Department Chair, Counseling, Dr. Allison Buller has won a coveted Fulbright U.S. Scholar Award to teach in Bhutan.
Dr. Buller’s proposal brings innovative methods of reducing mental health concerns among college students in Bhutan. With that goal in mind, she will teach two classes on wellness education: “The Art and Science of Mindfulness and Meditation” and “Happiness Across Cultures.” Her proposal was accepted by the Fulbright Committee and the embassy of Bhutan, and she will be teaching at the Royal University of Bhutan in 2022. “I want to explore the campus culture in Bhutan,” says Buller. “Colleges around the world have a need for better wellbeing and healthcare for their students.”
Since 1946, the Fulbright Program has been the United States’ leading international educational exchange program, providing participants opportunities to teach, study, and conduct research. Fulbright fosters connections among communities throughout the world, and often lays the groundwork for future partnerships between institutions and countries. Fulbright alumni include 60 Nobel Prize laureates, 88 Pulitzer Prize recipients, and 39 who have served as a head of state or government.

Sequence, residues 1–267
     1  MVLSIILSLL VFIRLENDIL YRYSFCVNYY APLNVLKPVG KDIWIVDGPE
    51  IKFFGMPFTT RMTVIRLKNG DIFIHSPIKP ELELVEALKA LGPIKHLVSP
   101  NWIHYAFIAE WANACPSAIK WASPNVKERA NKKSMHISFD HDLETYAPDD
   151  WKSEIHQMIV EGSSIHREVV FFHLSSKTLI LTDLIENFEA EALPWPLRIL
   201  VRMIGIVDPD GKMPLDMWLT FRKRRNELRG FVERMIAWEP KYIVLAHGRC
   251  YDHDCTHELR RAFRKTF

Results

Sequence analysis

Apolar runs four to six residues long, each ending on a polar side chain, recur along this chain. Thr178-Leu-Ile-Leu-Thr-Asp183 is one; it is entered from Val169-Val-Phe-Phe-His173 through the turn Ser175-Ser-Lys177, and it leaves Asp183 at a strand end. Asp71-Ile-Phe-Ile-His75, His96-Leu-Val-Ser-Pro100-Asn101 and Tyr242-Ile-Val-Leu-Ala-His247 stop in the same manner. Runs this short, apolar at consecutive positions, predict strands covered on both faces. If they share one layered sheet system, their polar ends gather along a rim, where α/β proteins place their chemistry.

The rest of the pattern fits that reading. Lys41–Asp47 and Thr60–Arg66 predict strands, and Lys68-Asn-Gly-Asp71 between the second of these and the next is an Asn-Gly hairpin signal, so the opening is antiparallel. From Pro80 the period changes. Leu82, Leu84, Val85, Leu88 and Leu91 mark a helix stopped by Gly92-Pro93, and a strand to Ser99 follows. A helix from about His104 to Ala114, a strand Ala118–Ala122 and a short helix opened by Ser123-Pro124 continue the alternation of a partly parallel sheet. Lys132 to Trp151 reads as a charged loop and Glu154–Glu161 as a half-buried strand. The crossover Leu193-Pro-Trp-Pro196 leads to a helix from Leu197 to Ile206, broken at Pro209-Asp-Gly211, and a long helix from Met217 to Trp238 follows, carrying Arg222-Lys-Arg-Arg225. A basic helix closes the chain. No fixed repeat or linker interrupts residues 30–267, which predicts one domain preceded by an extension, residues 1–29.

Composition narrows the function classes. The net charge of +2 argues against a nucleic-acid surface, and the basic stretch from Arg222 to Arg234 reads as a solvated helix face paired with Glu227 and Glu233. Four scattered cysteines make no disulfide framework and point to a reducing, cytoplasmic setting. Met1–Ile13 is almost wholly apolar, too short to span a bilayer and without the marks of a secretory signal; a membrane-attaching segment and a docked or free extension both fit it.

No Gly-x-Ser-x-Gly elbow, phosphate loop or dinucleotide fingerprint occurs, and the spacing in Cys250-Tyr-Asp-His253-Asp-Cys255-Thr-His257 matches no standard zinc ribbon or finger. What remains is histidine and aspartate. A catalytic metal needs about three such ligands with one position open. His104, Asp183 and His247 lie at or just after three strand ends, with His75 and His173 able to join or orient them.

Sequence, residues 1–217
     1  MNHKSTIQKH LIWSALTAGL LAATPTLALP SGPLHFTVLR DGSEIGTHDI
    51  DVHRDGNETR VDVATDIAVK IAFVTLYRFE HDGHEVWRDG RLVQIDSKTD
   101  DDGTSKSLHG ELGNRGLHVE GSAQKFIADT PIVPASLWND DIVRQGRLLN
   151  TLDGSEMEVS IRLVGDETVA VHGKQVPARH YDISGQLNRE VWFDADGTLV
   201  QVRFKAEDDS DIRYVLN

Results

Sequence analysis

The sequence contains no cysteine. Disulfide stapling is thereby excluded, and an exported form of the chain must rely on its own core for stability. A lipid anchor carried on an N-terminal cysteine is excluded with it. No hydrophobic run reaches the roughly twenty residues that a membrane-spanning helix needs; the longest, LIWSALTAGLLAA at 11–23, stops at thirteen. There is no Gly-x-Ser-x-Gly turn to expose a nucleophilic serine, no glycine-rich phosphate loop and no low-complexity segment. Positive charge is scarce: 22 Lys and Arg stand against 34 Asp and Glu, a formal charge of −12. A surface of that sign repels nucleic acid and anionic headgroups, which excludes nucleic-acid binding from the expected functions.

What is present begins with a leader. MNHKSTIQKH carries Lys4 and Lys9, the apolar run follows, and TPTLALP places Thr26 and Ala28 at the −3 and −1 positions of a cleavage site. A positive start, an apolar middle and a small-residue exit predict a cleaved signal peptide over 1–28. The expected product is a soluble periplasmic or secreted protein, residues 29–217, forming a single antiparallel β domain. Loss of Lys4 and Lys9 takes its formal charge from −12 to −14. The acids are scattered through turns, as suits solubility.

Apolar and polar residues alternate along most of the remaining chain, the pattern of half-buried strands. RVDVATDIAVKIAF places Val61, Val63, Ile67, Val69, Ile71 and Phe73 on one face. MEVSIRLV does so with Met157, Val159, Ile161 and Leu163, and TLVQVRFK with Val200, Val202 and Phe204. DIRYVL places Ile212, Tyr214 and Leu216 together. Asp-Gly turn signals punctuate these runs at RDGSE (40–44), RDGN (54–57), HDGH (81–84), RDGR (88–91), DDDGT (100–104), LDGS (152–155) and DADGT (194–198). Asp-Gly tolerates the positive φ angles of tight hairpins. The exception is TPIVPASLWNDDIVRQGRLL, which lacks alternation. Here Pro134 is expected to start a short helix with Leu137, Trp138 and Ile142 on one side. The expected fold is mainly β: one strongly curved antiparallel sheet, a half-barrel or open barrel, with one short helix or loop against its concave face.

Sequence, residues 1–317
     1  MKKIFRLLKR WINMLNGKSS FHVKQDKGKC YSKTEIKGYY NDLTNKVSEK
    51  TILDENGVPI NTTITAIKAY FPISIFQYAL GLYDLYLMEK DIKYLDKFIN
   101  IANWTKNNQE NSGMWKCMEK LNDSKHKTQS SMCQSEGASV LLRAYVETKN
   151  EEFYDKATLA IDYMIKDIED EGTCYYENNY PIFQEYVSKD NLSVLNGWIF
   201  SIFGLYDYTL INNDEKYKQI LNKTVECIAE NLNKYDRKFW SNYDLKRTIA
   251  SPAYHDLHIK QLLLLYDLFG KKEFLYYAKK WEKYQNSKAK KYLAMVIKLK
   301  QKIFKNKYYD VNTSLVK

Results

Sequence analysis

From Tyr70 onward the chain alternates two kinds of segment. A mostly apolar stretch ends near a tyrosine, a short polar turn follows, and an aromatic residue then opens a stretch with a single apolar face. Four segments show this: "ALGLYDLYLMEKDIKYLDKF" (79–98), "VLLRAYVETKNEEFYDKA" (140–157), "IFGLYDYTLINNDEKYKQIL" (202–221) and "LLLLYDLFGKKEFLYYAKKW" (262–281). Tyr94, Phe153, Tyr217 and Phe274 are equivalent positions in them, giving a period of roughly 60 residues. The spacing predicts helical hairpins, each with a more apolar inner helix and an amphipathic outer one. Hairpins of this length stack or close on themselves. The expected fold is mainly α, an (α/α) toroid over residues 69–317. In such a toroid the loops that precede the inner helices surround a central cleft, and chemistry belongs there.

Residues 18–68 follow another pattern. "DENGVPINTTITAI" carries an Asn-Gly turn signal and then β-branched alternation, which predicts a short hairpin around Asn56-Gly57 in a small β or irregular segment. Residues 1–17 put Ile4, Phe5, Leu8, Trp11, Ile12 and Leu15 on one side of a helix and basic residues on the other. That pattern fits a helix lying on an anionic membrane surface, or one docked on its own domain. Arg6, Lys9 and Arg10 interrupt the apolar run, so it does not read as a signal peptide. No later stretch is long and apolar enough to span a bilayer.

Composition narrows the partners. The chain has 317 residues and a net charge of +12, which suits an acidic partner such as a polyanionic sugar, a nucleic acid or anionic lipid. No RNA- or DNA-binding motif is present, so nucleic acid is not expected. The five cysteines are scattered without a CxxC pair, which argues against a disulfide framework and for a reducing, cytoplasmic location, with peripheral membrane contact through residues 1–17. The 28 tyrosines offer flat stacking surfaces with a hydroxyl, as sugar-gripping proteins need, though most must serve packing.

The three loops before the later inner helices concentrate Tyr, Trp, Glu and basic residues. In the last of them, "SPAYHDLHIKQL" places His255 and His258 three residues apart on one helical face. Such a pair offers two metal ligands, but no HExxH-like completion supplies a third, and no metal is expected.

Dr. Buller chose Bhutan because this small country in southern Asia organizes its education system around the principle of GNH, or “Gross National Happiness,” rather than Gross Domestic Product, to drive public policy. This idea of wellbeing as a vital part of the economy includes physical health, work-life balance, social connection and community vitality, education, access to arts, culture, and recreation, environmental quality and access to nature, good governance and material wellbeing. The aim is to promote happiness as an economic force.
Part of the proposal is to improve the health of college students by adding classes like these to their curriculum. The Royal University of Bhutan likes in particular the idea of promoting well-being through classes rather than an on-campus counseling center. “This is about understanding the problems facing college students in Bhutan,” says Buller. “They are competing for careers and success and are facing multiple stressors. It will be a privilege to bring them new ideas and strategies.”
Along with being a Connecticut licensed professional counselor, Buller has recently been certified as a Mindfulness-Based Cognitive Therapy (MBCT) Teacher by the UCSD Center for Mindfulness. Over the past eight years, she has created opportunities for students to participate in regularly scheduled wellbeing courses, time-limited mindfulness groups, elective meditation circles, and individual mental health therapy. She has also taught abroad before in China and Korea.
“I have a curiosity that drives me in all my work. In this case I am eager to see whether the methods we use here will work in Bhutan with students who are facing similar challenges to ours.” – Dr. Allison Buller